Like many people, I picked up Skyward Sword HD to relive one of my favorite Zelda games (that’s right; it’s great). While some critics maligned the motion controls of the original, I never had a problem with them. I had a blast aiming the bow and arrow in real space, and physically changing my sword swings to match an enemy’s defenses. But with Skyward Sword HD, I felt like one of the OG complainers; the gyro-based motion controls were painful to use.
The problem got so bad that the game became almost unplayable. Every time (and I mean every time) I went to use something like the slingshot, the reticule could be anywhere on-screen. Link would be doing circles in-game, and I would be doing circles at home as I descended further into madness.
I liken it to Joy-Con drift, but for motion controls; Joy-Con drift causes your control stick inputs to go haywire, and gyro drift does the same for your physical movements.
Resetting the gyro was a temporary (but futile) solution
The only solution the game itself brings is resetting the gyro by pointing your controller at the TV and pressing Y. Whenever you press Y, the game sets your current Joy-Con position as centered. You can change this at any time, just in case the gyro falls out of sync. Just in case.
Anyway, that works! At first. But after waving the Joy-Cons around a few times, I’d find that my “centered” position was anything but. So, I’d point my Joy-Con at the TV, press Y, make a few more moves, fall out of sync, and enjoy that mindnumbing cycle until I simply couldn’t take it anymore.
So, how do you stop the gyro from falling out of sync?
Dear Reader, I found a solution. You see, the Switch’s gyro uses the sensor found on the right Joy-Con to function. When playing, it’s very easy to block that sensor with your hand, causing the gyro to lose track of where your controller is in relation to the Switch. It’s really doing its best with the limited and interrupted information coming from your covered Joy-Con, but that’s not enough to keep your 1:1 motion controls accurate and consistent.
The fix was right there in front of me; I needed to use the Joy-Con wrist strap. No, not the actual strap. I’m talking about the entire plastic accessory that connects to the Joy-Con rail. Nintendo just calls the whole thing the “wrist strap,” as if it doesn’t also have buttons attached.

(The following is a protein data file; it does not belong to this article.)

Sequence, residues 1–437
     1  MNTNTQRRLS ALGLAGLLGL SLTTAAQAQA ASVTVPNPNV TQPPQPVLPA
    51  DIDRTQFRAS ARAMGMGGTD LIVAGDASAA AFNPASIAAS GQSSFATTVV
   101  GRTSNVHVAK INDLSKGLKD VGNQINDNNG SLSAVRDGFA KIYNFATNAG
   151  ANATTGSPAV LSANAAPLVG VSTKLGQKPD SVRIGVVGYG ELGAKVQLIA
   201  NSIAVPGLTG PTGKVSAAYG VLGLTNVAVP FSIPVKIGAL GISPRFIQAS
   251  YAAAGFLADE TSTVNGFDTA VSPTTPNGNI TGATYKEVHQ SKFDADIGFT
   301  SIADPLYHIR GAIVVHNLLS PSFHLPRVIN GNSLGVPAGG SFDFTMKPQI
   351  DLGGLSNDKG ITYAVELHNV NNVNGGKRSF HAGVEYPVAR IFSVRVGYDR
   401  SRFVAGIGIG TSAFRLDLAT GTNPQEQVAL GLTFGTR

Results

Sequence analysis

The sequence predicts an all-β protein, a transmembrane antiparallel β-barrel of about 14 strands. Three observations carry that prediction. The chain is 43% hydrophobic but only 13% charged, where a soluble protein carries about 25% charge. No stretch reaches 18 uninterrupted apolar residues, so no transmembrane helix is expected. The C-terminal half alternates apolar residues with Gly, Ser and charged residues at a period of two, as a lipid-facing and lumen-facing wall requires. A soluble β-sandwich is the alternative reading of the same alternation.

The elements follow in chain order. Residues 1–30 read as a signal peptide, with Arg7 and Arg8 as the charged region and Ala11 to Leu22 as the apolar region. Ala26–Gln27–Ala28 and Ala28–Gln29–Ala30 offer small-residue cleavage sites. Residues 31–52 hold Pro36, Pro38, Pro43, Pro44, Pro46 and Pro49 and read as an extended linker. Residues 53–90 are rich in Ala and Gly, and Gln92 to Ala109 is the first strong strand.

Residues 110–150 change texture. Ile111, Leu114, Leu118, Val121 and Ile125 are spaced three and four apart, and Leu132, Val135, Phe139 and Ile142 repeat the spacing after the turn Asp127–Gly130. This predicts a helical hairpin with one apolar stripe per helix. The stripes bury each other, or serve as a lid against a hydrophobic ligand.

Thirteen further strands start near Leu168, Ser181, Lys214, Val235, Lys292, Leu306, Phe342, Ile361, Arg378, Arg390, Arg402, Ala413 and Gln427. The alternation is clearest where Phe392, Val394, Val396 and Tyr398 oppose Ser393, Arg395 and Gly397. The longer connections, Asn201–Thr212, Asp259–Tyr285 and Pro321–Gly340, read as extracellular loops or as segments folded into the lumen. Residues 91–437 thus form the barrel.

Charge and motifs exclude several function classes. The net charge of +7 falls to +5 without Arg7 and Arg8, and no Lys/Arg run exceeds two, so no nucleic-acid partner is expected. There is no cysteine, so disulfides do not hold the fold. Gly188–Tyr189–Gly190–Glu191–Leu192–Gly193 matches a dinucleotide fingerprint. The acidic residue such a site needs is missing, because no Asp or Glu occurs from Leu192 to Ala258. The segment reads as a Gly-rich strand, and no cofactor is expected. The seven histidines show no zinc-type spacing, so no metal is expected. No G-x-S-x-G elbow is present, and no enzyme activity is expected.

But I digress. The wrist straps? I never use those things! For one, I’m not about to hurl my Joy-Cons into my TV like it’s Christmas 2006, and, for another, they’re a bit bulky. I prefer the feel of playing with detached Joy-Cons on their own, without the added width the wrist straps add.
To maintain a consistent gyro, however, I need to accept the wrist straps. These accessories might not seem important, but they actually keep you from blocking the gyro sensor. My experience was night and day; wrist straps go on, my gyro stayed where it should. It continues to boggle my mind that such a simple add-on is the solution to my gyro-woes.
Other troubleshooting tips for out-of-sync motion controls
Now, it’s possible that this isn’t the solution to your problem. Perhaps you tried adding the wrist straps to your Joy-Cons, and you still experience gyro drift. Maybe you already use wrist straps, so I’ve just wasted your time with my lengthy tale of trials and tribulations. Lucky for you, there are other troubleshooting tips you can take to fix your gyro issues.
To start, you might need to recalibrate your Joy-Cons motion controls. To do so, head to Settings > Controllers and Sensors > Calibrate Motion Controls > Calibrate Controllers. Now, hold down either the left Joy-Con’s (–) or the right Joy-Con’s (+) to calibrate that controller. Place the controller, without the wrist strap, on a flat surface, and wait for the Switch to calibrate it. Choose “OK” to continue, and repeat for the other Joy-Con.
If you notice the Joy-Cons still acting up after calibrating the motion controls, it’s time to troubleshoot your environment. Make sure your Switch is docked in an area close by, with a clear line of sight to your Joy-Cons. You’ll also want to make sure that it is at least three or four feet away from any other wireless devices, such as wireless speakers, printers, and phones, or other devices like laptops, tablets, or even the microwave (“don’t game by the microwave” is probably a good general tip, anyway).